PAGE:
Other graph objects may be opened in order to open up different-types of information. For example, an expander may be opened to thereby open a graph window on the subgraph of the expander. A comment may be opened to open a text edit window on the comment's text. A ghost object may be opened thereby opening the graph of the node of the “other” end of the edge represented by the ghost. A ghost, as noted above, indicates an edge into and out of a subgraph. By opening a ghost, the programmer can quickly view the graph on the other end, thereby completing the context of a spanning edge. The service creation environment may be provided with a searching system that is similar to that provided by text editing systems. For example, the service creation environment may provide a find menu item which brings up a finder window that allows the programmer to search for graph objects within a user-defined search space that match a user defined search key. The search space may consist of subgraphs to search, types of objects to search for, and an object attribute to base the search on.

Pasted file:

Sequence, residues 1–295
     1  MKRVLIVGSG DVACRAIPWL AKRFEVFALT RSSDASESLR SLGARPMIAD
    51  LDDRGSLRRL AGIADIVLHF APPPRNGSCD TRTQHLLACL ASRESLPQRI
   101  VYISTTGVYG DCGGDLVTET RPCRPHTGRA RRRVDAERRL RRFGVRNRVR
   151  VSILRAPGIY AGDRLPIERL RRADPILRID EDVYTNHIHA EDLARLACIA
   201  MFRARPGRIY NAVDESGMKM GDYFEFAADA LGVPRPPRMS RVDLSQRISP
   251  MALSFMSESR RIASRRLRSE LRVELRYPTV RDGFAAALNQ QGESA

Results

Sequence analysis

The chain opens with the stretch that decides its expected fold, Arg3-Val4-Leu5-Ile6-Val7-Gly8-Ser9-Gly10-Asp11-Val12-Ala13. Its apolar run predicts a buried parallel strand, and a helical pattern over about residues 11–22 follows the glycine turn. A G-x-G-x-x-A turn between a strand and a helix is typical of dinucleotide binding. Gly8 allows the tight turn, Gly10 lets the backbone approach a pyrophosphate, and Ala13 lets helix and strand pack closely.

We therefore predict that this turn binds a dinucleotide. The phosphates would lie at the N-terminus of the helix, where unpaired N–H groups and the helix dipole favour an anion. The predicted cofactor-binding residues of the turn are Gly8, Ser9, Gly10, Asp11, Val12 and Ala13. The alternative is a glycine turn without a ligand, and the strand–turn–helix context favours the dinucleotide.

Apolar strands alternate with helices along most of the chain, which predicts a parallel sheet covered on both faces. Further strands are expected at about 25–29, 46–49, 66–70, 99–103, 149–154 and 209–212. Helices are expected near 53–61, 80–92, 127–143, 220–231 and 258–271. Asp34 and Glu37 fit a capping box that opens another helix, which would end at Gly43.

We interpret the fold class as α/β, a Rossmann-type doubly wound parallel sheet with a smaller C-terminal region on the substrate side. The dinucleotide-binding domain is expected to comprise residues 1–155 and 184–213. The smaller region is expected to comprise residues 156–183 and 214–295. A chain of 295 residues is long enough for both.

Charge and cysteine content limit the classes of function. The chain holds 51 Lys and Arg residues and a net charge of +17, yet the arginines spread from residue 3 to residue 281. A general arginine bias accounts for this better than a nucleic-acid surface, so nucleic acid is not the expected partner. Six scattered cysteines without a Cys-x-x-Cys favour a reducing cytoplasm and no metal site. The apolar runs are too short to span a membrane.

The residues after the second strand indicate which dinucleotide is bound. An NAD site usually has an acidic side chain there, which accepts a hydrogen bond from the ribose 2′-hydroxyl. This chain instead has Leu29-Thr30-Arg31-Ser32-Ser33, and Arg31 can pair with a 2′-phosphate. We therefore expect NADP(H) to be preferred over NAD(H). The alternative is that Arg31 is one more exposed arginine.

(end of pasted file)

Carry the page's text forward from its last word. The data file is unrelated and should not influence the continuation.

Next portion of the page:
In order to navigate a graph, several shortcut methods may be used to jump to other subgraphs or to other places in the current graph in order to follow the logic of the program, or to view sections of a graph related to the currently viewed portion. By way of example, a mechanism may be provided to allow double-clicking on an expander in order to open a window on the expander's subgraph. By using this, edges can be “followed” into an expander. In addition, a shortcut key (e.g., “p”) may be used to open a window on the parent graph of the current graph. This, together with the ability to open a window in the expander subgraph, will allow a user to navigate up and down the graph hierarchy. A ghost may be double clicked in order to open the graph containing the other end of the edge represented by the ghost. Using this feature, the logic on both ends of a spanning edge can be viewed. Another feature could include the ability to double-click a connector node in order to scroll the graph to its corresponding real node and highlight that node. This would allow the programmer to quickly jump to the portion of the graph where the execution logic continues.